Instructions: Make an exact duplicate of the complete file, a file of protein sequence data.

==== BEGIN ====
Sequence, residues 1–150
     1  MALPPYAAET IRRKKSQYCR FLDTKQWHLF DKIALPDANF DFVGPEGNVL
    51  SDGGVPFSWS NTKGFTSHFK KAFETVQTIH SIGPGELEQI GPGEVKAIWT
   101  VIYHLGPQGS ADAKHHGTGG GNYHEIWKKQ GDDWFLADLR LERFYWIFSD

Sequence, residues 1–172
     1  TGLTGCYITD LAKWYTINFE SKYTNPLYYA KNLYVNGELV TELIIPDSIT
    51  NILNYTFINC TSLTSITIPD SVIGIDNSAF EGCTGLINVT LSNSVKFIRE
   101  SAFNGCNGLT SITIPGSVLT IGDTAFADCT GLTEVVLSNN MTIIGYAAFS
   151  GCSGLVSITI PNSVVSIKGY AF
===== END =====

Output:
Sequence, residues 1–150
     1  MALPPYAAET IRRKKSQYCR FLDTKQWHLF DKIALPDANF DFVGPEGNVL
    51  SDGGVPFSWS NTKGFTSHFK KAFETVQTIH SIGPGELEQI GPGEVKAIWT
   101  VIYHLGPQGS ADAKHHGTGG GNYHEIWKKQ GDDWFLADLR LERFYWIFSD

Sequence, residues 1–172
     1  TGLTGCYITD LAKWYTINFE SKYTNPLYYA KNLYVNGELV TELIIPDSIT
    51  NILNYTFINC TSLTSITIPD SVIGIDNSAF EGCTGLINVT LSNSVKFIRE
   101  SAFNGCNGLT SITIPGSVLT IGDTAFADCT GLTEVVLSNN MTIIGYAAFS
   151  GCSGLVSITI PNSVVSIKGY AF